Globe and Mail
April 06, 2004
VANCOUVER -- Luna, the young West Coast killer whale that left his pod for a busy Vancouver Island harbour, will take a long, pricey truck ride this spring back to his estranged relatives.
The goal is to get the 750-kilogram orca out of Nootka Sound, where the playful whale has become a nuisance to boats and planes in the nearby harbour, about 230 kilometres north of Victoria. The plan was announced yesterday by the Department of Fisheries and Oceans and the Vancouver Aquarium.
The reunification will be costly; at least $550,000 to scoop Luna from the water, put the male orca in a specialized sleeve, then transport the animal by truck to the southern tip of Vancouver Island. There, the whale will be held in a bay near the Juan de Fuca Strait, the body of water that divides Vancouver Island from Washington state, and where Luna's pod arrives each June.
When the group of whales arrives, Luna will be released to join up with them. The planned capture date is May 15.
Nearly half of the reunification costs will come from taxpayers on both sides of the border; Canadian and U.S. federal fisheries departments will chip in about $260,000 combined. It's hoped that private donations will cover the balance.
It will mark the second time that scientists attempt to bring a stranded West Coast killer whale back to its family. In 2001, a sickly, orphaned female whale was plucked from the waters off Seattle and taken to kin off the northern tip of Vancouver Island. That whale, dubbed Springer, was spotted last fall still swimming with the pod.
The Springer rescue eventually cost nearly $800,000, much of which was covered by donations.
But Luna's journey home could be more bumpy -- and not just because of the five-hour truck drive. While Springer was literally stranded in U.S. waters after her mother died, Luna appears to have left on his own, highly unusual for a killer whale. In the 2˝ years since arriving in the harbour, the orca has never tried to swim back to the open ocean.
If anything, the four-year-old orca prefers the busy goings-on of harbour life. The whale has no fear of people and is regularly spotted rubbing against boats and floatplanes. But Luna's sociability, which at first enthralled townspeople and even drew tourists to the tiny former mill town of Gold River, eventually wore thin.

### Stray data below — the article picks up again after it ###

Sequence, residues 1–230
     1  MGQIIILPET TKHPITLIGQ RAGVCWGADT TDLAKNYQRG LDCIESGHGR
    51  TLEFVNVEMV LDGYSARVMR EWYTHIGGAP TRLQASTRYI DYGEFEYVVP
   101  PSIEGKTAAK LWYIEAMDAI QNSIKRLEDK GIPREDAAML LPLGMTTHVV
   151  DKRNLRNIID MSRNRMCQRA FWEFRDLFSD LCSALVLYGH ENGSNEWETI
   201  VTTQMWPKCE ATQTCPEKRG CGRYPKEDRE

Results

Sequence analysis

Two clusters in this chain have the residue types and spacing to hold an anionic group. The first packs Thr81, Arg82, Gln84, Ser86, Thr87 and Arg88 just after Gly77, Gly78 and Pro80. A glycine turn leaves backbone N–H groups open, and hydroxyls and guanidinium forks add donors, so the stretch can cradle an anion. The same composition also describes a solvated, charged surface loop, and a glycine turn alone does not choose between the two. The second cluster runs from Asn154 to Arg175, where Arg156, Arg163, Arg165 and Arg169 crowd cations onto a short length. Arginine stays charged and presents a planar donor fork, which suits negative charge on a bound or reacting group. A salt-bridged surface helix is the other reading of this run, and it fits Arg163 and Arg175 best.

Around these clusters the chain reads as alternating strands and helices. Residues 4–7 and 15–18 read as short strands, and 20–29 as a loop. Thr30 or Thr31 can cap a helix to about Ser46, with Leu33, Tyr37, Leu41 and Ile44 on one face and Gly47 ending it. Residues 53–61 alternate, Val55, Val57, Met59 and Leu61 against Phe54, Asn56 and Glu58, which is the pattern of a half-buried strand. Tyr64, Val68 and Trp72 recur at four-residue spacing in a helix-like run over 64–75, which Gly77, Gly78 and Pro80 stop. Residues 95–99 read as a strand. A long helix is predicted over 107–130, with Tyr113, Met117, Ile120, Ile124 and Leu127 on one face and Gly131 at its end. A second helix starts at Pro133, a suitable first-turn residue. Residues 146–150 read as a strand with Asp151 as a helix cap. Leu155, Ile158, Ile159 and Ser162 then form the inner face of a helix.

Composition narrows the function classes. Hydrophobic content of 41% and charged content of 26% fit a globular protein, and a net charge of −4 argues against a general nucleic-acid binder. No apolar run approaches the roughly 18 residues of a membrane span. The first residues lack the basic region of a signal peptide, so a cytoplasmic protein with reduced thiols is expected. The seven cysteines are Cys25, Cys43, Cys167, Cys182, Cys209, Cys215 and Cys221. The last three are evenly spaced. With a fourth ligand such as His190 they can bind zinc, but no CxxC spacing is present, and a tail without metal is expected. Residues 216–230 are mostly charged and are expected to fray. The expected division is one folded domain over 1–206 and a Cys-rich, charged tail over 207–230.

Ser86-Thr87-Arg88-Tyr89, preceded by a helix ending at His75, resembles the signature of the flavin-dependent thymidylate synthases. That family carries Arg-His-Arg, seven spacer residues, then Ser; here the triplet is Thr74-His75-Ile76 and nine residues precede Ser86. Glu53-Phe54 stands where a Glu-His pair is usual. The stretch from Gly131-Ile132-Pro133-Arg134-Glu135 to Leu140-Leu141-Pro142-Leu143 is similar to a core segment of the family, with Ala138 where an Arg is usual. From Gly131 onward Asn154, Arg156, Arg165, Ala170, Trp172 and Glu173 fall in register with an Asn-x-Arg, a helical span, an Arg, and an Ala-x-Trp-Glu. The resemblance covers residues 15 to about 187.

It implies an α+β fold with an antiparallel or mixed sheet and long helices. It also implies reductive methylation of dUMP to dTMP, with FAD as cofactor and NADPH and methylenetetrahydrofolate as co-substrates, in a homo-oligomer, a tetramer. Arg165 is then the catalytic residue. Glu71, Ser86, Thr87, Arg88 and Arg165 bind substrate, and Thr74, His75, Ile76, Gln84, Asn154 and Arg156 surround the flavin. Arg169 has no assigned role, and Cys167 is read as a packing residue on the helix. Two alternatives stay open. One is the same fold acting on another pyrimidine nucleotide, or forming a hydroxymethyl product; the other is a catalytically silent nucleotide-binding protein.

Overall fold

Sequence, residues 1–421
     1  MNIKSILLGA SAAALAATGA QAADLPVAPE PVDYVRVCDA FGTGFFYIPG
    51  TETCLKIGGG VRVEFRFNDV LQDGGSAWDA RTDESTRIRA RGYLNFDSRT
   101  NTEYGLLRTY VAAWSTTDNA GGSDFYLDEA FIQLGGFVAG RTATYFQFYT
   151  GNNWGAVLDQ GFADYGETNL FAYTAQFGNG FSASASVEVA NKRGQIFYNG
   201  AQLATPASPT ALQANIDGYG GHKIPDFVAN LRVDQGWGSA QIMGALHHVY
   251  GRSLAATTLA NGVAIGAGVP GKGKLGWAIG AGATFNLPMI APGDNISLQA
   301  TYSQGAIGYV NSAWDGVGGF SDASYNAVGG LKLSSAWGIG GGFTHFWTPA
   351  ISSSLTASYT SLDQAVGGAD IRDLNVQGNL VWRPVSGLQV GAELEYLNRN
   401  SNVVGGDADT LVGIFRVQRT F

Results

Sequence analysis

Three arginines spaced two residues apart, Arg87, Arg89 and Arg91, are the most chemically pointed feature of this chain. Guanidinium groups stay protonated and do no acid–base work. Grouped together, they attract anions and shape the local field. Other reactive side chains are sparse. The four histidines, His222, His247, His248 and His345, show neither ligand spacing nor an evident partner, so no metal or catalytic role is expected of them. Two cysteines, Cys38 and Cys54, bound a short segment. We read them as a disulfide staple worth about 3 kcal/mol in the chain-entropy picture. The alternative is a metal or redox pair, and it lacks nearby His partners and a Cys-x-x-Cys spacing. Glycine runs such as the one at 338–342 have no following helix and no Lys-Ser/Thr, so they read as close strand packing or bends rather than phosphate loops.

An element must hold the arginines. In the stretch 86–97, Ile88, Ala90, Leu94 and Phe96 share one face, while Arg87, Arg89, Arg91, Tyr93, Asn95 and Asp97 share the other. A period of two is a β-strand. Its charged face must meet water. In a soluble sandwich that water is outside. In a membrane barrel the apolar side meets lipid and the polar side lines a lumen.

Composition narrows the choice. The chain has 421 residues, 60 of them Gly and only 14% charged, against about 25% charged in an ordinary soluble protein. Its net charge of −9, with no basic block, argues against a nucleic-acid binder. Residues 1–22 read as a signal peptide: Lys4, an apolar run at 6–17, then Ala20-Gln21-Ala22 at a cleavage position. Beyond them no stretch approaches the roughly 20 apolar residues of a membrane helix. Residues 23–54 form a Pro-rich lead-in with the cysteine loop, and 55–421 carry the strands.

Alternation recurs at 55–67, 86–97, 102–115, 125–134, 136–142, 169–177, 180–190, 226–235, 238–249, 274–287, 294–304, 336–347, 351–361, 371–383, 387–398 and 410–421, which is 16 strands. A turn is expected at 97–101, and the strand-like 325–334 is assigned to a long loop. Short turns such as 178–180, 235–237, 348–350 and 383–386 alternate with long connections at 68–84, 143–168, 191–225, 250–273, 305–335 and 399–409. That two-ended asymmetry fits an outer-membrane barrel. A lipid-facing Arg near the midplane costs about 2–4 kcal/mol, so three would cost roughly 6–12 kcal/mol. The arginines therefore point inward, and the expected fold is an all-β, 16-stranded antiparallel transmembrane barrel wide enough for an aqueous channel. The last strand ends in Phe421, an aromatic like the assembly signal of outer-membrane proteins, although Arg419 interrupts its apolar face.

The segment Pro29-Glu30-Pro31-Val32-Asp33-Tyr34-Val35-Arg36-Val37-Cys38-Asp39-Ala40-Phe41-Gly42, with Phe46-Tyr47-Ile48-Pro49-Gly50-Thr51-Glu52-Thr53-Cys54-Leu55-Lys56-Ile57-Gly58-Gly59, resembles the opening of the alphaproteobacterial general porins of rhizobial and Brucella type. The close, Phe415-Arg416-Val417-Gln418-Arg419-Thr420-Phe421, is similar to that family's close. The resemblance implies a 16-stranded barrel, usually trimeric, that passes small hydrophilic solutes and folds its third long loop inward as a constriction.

Fisheries officials worried that Luna would one day flip a boat or plane. Last fall, the whale jammed a boat's rudder, stranding its passengers.
The decision to reunite Luna with his family was a tricky one for federal fisheries officials. Until last fall, the government said it wasn't in the business of saving stranded marine mammals.
But once the United States stepped up, Canada agreed, too. The U.S. National Marine Fisheries Service justified the move by folding the plan into its marine conservation and research program. Under the plan, U.S. scientists will put a tracing tag on one of Luna's dorsal fins to track the whale.
Luna belongs to the whale group known as southern resident killer whales. Their summer range takes them up and down the U.S. and Canadian coasts, but scientists don't know for sure where they winter. They've been spotted in waters off California and as far north as Alaska. If Luna's reunification is successful, the tag will provide scientists with the first clue to the species' wintering grounds.
Despite best intentions, there's no guarantee the plan will succeed.
"Success isn't only rejoining the pod," Department of Fisheries and Oceans spokeswoman Marilyn Joyce said. "If Luna does not join his pod . . . but he's able to remain a wild whale swimming around in his natural environment, then we're happy with that too."
Once free in the Juan de Fuca Strait, scientists say Luna could take up to a week or longer to join his kin. Luna's mother is still alive, but has given birth to another calf.
Some whale experts have said there's a chance Luna's mother won't even recognize her offspring.
One of the problems for scientists is that no one knows why Luna left his pod in the first place. Killer whale pods are tightly knit communities, with virtually no immigration or emigration. And while it's rare for a whale to leave, it's just as rare for a pod to accept an outsider whale. There's a concern Luna will show no desire to hook up with his pod even if the whale is deposited in the very same waters.
Despite the happy ending to the Springer saga in 2001, the orca's first few days with her pod were dicey -- even dangerous. The female whale was attacked by the other whales and her body was strafed with teeth marks.
Despite the uncertainty, Luna has clearly overstayed his welcome in Gold River, as his manner eventually turned him into a side-show. People lined the dock to watch him swim and dive, taking pictures and tossing cookies into his gaping maw. Last year, a woman was fined $100 for petting the whale.
But research scientist Lance Barrett-Lennard is optimistic about Luna's chances. "We think he's robust enough to come through with flying colours."